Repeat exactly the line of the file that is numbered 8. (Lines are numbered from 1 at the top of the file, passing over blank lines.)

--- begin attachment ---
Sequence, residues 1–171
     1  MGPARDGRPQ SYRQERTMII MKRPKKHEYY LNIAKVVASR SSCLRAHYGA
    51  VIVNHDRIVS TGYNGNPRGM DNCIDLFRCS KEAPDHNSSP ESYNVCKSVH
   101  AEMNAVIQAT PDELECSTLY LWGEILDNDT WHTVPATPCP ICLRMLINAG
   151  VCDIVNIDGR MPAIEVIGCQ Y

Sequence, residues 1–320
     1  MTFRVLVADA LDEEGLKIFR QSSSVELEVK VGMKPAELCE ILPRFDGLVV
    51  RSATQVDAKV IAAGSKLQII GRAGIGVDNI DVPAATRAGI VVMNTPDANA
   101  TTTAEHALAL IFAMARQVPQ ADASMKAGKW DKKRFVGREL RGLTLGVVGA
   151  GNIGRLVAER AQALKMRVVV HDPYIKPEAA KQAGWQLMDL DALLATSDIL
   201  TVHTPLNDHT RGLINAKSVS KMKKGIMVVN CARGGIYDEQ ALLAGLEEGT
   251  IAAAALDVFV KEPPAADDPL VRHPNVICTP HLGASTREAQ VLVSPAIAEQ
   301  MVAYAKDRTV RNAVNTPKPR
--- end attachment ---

    51  RSATQVDAKV IAAGSKLQII GRAGIGVDNI DVPAATRAGI VVMNTPDANA